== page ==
Soft tissue injury is a common occurrence in elite sports. It can cost individuals or teams to lose valuable championship points and adds extra cost of rehabilitation. Pinnacle aims to prevent these injuries by real time tracking of players fatigue levels.
What drew you to the problem you are working to solve in Biodesign?
As part of Biodesign, the team visited several OPDs and wards to find a need. Most staff and patient concerns were regarding logistics of the healthcare system: however, there was one patient who visited the hospital for her regular check-up after ACL surgery. She mentioned regularly during her interview how different life would be if she hadn’t torn her ACL. Being actively involved in sports ourselves (and some of us rather injury prone as well), we realised the importance of injury prevention. We looked up current sports and the injury challenges they face along with what current technology is deployed to tackle these problems. Based on our findings, we came up with a solution of an accurate fatigue tracking device that works in real time.
What have you learned/gained from the Biodesign process?
The Biodesign course was very informative in regards to developing medical devices specifically. For example, being an engineer, I had no idea about the additional regulations that we had to meet just to come up with a marketable medical device. It also helped us get a better idea of the MedTech scene in Australia and overseas. Additionally, the Adelaide Biodesign team is very supportive even months after completing the course so it’s really good to know that you can always turn to them if you need advice or support.
What are the next steps for the team/team members after the course?
After completing the Biodesign course, the team participated in the entrepreneurs’ challenge program offered by the University of Adelaide. The eChallenge has been crucial in gathering the basic level of understanding in developing IP and then using that IP to initiate a startup. Currently, the team has made it to the finals (top 4 teams out of 72) of the eChallenge in the medical innovations stream and is contending for the top prize.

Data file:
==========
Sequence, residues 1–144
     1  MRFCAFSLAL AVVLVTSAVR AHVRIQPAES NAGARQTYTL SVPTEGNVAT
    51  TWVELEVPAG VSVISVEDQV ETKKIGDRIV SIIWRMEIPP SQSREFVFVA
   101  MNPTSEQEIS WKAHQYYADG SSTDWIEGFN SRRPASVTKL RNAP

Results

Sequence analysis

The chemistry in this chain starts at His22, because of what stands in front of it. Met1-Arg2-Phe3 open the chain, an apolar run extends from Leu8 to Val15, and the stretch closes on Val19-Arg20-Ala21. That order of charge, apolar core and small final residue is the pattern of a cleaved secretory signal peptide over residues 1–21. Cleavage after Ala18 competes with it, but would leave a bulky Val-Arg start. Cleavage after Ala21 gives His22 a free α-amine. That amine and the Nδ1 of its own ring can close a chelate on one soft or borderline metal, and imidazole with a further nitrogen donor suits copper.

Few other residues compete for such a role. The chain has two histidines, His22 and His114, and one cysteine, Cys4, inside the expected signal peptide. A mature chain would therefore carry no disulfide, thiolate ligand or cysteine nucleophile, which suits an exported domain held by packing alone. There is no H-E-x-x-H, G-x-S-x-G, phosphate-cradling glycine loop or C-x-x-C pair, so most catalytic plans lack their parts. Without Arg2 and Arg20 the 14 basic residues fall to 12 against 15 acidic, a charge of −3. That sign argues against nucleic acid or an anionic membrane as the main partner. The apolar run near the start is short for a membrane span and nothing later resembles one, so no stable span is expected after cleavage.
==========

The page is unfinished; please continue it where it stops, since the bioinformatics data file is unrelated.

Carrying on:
What do you want to be doing in 10 years’ time from now?
Having received feedback from top industry professionals, we realised the merit of our idea. Hopefully, in 10 years time, we live up to our merits and have a successful startup under the Pinnacle flagship. We would not only like to see our products used in Australian sports but worldwide.
What would be your advice to someone considering taking the course in 2019?
Firstly and most importantly, no idea is a bad idea. It might be a bit of a cliche but it is very true if you’re trying to find a need. Even us, especially in the orthopedic stream, we were very frustrated with the lack of needs and corresponding solutions but we eventually got there…Make sure you come up with as many needs and solutions as possible. Secondly, ensure that you identify a valid need and marketable solution. Regardless of the competitors, ensure that you have something unique about your solution so you can have a competitive advantage.
Part time MBA student. Works in the sales and marketing department of a pharmaceutical company.
Final year mechanical engineering student. Assistant project manager at Adelaide University Motorsports team.
PhD in biomedical engineering. Part of a second startup known as RehabSwift which is already a part of the 2nd cohort of The Actuator based in Melbourne.